After another year of success amidst global adversity, a workplace holiday party can be a great way to bring together coworkers to celebrate and be together in a relaxed environment. While these gatherings should be and can be positive experiences for all, it’s not uncommon for sexual harassment to occur.
Holiday parties need not be large gatherings. Even during these pandemic times, many organizations may organize smaller, team gatherings. Regardless of the size of the event, a holiday party is a work function which means the same rules that apply to how you treat your colleagues in the workplace apply to the function.
Examples of Sexual Harassment at a Work Party
In many cases, these office holiday parties involve alcohol and a carefree atmosphere. People feel more at ease and may lose inhibitions that are present in the workplace, or they may believe ‘rules don’t apply’ outside of the workplace. However, even though alcohol might be served, it does not give anyone the right or permission to make inappropriate or sexual comments or physical advances.
One or two inappropriate comments may seem harmless enough but they can lead to more serious and illegal situations. When harassment becomes so frequent or severe it creates a hostile work environment it can result in claims against the employer. Additionally, a victim can file a claim if harassment results in the victim being wrongfully terminated or demoted.
Examples of sexual harrasment at a work party include:
- Giving a sexually suggestive gift as a ‘Secret Santa’
- Making sexually inappropriate jokes or comments about another coworker’s body or sexual orientation
- Grabbing a coworker’s body while dancing
- Sharing sexually inappropriate images
- Propositioning a co-worker for sex
- Unwanted sexual advances from a non-employee contractor, who was also invited to the gathering
In other examples, a supervisor pull the employee into a sexually suggestive embrace or even may proposition the employee for sex. When an employee feels as though they must endure sexual harassment or agree to the sexual advances in order to receive a benefit, like a promotion, salary increase or even placement on the ‘good team,’ that qualifies as quid pro quo sexual harassment.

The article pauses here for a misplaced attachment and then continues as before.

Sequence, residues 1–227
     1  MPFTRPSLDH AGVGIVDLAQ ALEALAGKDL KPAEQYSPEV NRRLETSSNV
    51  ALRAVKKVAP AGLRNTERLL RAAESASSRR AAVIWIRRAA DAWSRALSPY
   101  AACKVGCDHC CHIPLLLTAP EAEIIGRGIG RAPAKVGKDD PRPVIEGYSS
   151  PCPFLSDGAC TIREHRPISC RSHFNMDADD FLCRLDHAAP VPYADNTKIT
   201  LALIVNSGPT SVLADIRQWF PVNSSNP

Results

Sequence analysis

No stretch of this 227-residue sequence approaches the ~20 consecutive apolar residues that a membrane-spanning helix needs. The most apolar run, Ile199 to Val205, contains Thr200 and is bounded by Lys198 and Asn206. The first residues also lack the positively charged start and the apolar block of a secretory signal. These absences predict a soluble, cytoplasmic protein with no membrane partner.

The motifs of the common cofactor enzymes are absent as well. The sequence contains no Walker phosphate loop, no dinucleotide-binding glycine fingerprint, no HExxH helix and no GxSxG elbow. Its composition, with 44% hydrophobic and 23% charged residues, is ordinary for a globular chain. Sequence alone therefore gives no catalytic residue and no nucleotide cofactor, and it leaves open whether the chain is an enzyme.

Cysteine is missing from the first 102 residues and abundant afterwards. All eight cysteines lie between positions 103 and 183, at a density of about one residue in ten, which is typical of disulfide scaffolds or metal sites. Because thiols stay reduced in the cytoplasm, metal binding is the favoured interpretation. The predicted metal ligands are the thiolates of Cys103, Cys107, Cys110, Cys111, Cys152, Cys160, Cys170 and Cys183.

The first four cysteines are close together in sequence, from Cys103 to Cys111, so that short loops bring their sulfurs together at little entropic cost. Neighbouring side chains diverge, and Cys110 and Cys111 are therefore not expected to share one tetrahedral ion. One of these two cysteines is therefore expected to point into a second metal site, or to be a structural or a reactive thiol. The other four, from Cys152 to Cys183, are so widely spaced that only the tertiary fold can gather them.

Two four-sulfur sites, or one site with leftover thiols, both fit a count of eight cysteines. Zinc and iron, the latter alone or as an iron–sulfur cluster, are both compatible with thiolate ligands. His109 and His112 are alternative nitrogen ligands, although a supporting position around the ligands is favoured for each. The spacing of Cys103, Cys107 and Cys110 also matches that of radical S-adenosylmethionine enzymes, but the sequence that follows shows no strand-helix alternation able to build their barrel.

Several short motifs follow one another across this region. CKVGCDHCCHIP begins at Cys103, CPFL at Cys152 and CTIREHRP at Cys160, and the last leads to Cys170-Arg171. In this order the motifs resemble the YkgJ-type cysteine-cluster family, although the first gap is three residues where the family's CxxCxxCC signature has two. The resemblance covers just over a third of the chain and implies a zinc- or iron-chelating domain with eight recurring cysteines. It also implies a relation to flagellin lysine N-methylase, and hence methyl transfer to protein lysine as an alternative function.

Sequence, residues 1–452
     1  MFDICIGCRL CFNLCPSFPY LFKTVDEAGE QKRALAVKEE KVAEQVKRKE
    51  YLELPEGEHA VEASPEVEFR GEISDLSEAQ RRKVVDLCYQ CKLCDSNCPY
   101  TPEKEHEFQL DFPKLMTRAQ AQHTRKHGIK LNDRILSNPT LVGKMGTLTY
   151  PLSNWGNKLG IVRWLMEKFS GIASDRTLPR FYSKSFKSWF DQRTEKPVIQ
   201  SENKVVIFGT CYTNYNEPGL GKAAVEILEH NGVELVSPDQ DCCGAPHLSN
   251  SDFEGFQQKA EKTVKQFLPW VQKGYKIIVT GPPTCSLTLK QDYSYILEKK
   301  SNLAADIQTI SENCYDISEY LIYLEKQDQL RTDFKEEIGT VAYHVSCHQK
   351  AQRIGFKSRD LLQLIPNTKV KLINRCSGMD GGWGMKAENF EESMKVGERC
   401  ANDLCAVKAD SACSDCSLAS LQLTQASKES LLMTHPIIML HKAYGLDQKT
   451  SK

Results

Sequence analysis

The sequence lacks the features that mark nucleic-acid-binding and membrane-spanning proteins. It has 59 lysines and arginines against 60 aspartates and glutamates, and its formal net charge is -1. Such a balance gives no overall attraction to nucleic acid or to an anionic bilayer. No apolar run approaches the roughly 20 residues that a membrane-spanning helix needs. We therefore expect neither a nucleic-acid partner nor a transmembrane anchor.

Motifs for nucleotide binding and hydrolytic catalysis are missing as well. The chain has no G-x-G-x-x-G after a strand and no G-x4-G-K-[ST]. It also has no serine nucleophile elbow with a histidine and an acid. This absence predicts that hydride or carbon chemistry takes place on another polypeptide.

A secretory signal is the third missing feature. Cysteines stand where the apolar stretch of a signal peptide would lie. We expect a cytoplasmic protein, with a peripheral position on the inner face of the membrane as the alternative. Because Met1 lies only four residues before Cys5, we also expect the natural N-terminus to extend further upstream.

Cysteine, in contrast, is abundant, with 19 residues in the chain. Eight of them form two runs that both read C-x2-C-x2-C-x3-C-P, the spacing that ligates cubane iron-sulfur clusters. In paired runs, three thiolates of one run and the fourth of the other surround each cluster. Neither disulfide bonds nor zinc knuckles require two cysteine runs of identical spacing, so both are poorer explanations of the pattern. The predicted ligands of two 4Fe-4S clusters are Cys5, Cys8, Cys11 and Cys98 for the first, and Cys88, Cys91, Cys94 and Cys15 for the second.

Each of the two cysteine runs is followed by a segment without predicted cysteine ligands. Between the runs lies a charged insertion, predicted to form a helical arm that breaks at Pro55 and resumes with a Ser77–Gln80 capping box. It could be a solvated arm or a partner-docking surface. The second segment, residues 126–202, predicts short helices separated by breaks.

Can I Sue for Sexual Harassment at an Office Holiday Party?
If you have been the victim of sexual harassment, you should report it to your employer as soon as possible. Try to gather evidence, as best you can, but it's important to report the incident regardless of how much evidence you believe you have.
Your employer should thoroughly investigate your complaint. The employer is automatically liable for harassment by a supervisor that results in a negative employment action such as termination, failure to promote or hire, and loss of wages. Additionally, like the example of the non-employee contractor, the employer will be liable for harassment by non-supervisory employees or non-employees over whom it has control (e.g., independent contractors or customers on the premises).
After reporting the harassment, your employer should then take prompt and appropriate corrective action. If harassment does not stop or if you are suffering retaliation from reporting workplace harassment, an employment attorney may be able to help. Employment attorneys focus on protecting you from discrimination, sexual harassment, wage violations, and more.
Lawyer for Sexual Harassment at Work Holiday Party
At Brandon J. Broderick, Attorney at Law, we provide comprehensive, focused representation for employment law clients throughout New Jersey. Our award-winning attorneys bring together knowledge and insight to construct a strong case for our clients and maximize any future settlements. Thanks to our teamwork and extensive familiarity with both state and federal employment laws, we can take on essentially any employment law case.
If you have been the victim of sexual harassment, Brandon J. Broderick, Attorney at Law can help you restore your safety without damaging your reputation. Get your life back and contact us for a free consultation.